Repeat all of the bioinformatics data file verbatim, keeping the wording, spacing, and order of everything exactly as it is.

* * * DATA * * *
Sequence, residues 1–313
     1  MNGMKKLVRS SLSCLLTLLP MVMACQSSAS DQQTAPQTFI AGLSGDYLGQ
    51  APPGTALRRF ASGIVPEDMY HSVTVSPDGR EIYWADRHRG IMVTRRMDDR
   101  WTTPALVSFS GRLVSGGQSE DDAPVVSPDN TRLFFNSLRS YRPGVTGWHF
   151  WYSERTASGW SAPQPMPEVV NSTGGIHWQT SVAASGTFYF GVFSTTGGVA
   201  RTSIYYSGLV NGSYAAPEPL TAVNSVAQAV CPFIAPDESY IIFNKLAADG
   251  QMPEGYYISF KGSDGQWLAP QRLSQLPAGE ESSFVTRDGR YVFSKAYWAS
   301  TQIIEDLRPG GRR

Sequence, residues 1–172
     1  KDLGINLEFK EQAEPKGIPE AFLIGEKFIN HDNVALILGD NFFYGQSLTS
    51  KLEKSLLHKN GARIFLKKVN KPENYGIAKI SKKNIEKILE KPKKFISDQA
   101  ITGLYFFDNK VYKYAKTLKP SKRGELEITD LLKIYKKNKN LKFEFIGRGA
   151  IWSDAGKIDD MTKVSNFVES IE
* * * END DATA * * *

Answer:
Sequence, residues 1–313
     1  MNGMKKLVRS SLSCLLTLLP MVMACQSSAS DQQTAPQTFI AGLSGDYLGQ
    51  APPGTALRRF ASGIVPEDMY HSVTVSPDGR EIYWADRHRG IMVTRRMDDR
   101  WTTPALVSFS GRLVSGGQSE DDAPVVSPDN TRLFFNSLRS YRPGVTGWHF
   151  WYSERTASGW SAPQPMPEVV NSTGGIHWQT SVAASGTFYF GVFSTTGGVA
   201  RTSIYYSGLV NGSYAAPEPL TAVNSVAQAV CPFIAPDESY IIFNKLAADG
   251  QMPEGYYISF KGSDGQWLAP QRLSQLPAGE ESSFVTRDGR YVFSKAYWAS
   301  TQIIEDLRPG GRR

Sequence, residues 1–172
     1  KDLGINLEFK EQAEPKGIPE AFLIGEKFIN HDNVALILGD NFFYGQSLTS
    51  KLEKSLLHKN GARIFLKKVN KPENYGIAKI SKKNIEKILE KPKKFISDQA
   101  ITGLYFFDNK VYKYAKTLKP SKRGELEITD LLKIYKKNKN LKFEFIGRGA
   151  IWSDAGKIDD MTKVSNFVES IE